Ուրբաթ, սեպտեմբերի 19, 2014 Ժամանակը Երեւանում 19:49

in English

Government To Probe Quality Of Russian Gas

Armenia -- Natural gas meters in a village.
Armenia -- Natural gas meters in a village.
The Armenia government pledged on Thursday to verify the quality of natural gas supplied to households, responding to growing suspicions about the amount of energy produced by its combustion.

Ordinary Armenians backed by consumer rights groups have increasingly complained in recent years that they need to burn larger volumes of gas to cook food and heat their homes. Many of them feel that the ARG national gas distribution company reduces its calorific value to make additional profits. ARG, which is a subsidiary of Russia’s Gazprom monopoly, Armenia’s principal gas supplier, has always denied that.

The issue again came to the fore after last summer’s sharp rise in the price of Russian gas for Armenia. A colder-than-usual winter placed additional financial burdens on Armenian family budgets. Top ARG held a news conference last week to again try to disprove allegations that it mixes gas with other substances.

Robert Nazarian, the chairman of the Public Services Regulatory Commission (PSRC), brought up the issue at a weekly session of Armenia’s government. He said that the regulatory body is receiving numerous complaints from individual consumers and unnamed “legal entities” about the calorific value of gas. Nazarian suggested that the government dispel these suspicions by setting up an ad hoc commission tasked with looking into the quality of gas.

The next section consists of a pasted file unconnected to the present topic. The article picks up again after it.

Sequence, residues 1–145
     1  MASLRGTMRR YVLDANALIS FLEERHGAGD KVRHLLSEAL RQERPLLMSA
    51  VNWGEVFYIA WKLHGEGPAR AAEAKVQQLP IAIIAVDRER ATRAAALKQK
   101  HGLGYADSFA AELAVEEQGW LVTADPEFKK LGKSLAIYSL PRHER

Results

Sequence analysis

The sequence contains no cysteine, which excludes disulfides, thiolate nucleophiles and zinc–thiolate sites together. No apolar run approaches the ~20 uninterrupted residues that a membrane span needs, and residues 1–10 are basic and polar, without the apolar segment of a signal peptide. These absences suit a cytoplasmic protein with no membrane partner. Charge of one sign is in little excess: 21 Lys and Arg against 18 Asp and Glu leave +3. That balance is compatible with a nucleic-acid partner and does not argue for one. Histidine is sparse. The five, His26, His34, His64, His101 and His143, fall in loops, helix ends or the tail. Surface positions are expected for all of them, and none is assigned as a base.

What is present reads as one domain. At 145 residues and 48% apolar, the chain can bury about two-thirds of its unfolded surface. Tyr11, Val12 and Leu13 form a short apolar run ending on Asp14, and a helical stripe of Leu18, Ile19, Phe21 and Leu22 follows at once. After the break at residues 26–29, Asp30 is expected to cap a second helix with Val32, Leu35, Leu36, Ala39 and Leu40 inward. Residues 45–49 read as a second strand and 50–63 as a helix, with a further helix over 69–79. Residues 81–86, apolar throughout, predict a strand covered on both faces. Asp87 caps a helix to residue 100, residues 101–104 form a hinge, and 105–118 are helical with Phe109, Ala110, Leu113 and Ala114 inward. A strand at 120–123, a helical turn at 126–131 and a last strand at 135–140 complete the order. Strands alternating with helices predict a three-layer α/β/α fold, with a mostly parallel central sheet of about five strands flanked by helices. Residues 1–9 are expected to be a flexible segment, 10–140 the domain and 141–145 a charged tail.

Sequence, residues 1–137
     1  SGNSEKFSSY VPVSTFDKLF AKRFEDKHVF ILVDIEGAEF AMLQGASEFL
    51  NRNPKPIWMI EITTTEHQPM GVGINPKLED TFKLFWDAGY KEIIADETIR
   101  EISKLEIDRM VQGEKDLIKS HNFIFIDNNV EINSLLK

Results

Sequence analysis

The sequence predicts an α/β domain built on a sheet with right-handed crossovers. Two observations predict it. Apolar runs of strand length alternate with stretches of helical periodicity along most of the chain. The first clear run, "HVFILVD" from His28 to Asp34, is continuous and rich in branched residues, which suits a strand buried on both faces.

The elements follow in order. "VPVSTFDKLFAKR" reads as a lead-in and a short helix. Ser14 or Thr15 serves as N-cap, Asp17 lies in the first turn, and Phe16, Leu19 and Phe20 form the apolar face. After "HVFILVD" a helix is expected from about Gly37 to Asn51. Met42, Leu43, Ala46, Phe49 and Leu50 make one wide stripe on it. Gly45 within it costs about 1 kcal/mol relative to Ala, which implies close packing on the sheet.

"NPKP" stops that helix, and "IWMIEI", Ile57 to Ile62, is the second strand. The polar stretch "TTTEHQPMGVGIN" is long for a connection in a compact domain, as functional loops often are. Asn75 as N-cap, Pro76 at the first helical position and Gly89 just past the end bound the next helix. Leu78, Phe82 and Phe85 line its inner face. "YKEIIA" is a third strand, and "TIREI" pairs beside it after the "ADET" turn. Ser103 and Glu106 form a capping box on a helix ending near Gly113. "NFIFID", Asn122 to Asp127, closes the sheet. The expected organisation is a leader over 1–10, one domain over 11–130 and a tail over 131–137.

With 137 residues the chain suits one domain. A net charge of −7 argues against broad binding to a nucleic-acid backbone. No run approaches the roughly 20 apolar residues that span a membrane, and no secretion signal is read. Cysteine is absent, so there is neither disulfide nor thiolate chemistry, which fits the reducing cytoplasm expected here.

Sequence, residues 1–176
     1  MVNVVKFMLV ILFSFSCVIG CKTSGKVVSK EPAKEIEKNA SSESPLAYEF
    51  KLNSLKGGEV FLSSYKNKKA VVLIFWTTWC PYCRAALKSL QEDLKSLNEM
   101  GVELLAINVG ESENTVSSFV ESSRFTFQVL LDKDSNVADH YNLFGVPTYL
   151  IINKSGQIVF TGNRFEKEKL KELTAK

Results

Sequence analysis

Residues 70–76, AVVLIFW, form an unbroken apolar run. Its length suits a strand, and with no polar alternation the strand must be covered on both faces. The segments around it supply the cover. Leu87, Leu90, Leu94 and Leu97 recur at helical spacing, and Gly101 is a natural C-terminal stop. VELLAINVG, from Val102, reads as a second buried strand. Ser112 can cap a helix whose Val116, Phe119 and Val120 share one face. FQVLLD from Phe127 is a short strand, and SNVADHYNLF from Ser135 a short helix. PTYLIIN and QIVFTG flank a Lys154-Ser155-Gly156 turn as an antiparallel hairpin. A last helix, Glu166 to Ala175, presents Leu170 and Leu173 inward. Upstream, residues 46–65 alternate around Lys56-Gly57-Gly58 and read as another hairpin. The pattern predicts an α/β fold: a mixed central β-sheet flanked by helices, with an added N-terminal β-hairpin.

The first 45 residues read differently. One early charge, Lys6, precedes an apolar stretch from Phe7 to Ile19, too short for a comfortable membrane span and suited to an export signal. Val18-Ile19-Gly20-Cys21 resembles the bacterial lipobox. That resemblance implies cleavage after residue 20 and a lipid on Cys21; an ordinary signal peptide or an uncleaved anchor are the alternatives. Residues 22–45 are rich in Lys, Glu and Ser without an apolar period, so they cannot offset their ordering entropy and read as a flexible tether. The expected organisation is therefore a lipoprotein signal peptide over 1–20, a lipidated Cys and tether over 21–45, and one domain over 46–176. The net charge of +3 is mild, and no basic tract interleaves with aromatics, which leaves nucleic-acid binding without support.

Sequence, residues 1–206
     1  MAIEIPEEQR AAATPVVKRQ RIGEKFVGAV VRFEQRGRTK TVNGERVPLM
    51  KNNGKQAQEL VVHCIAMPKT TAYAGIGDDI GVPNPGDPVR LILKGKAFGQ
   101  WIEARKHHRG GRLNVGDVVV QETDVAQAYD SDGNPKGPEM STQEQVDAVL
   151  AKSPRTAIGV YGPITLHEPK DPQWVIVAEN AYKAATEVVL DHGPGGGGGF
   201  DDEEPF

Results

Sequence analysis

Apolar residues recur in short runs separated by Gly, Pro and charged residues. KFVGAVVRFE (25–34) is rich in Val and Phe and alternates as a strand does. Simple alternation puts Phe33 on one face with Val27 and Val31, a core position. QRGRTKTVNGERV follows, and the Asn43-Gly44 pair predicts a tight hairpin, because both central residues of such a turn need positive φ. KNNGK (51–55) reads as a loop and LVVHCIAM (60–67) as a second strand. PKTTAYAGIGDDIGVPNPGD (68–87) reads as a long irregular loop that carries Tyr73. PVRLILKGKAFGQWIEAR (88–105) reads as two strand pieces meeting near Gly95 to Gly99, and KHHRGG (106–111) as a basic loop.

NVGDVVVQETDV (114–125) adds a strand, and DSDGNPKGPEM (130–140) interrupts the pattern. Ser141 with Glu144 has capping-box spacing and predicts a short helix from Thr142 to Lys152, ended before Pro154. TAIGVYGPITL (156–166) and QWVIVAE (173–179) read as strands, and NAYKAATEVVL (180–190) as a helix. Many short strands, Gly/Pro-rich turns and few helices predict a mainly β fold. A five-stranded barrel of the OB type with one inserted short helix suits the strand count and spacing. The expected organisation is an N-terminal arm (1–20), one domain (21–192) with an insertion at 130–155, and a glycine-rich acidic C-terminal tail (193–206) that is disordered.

Prime Minister Tigran Sarkisian accepted the proposal despite saying that experts think it is physically impossible to dilute natural gas. Sarkisian ordered the Armenian Ministry of Economy to form a commission comprising representatives of “all interested parties.”

Armen Poghosian, the chairman of the non-governmental Union of Consumers, welcomed the development, saying that he is ready to join the commission. “The government is finally addressing this issue which has a great public resonance,” Poghosian told RFE/RL’s Armenian service (Azatutyun.am). “We often receive such complaints and it’s time to either disprove them or punish organizations or people engaged in fraud.”

But Babken Pipoyan, who leads another consumer rights group, was less enthusiastic. He said the make-up of the commission will show just how serious the authorities are about tackling the issue.

Gagik Makarian, the head of the Armenian Union of Employers, was even more skeptical. He suggested that the government is only keen to use the promised inquiry for reassuring the public and clearing ARG of any wrongdoing.
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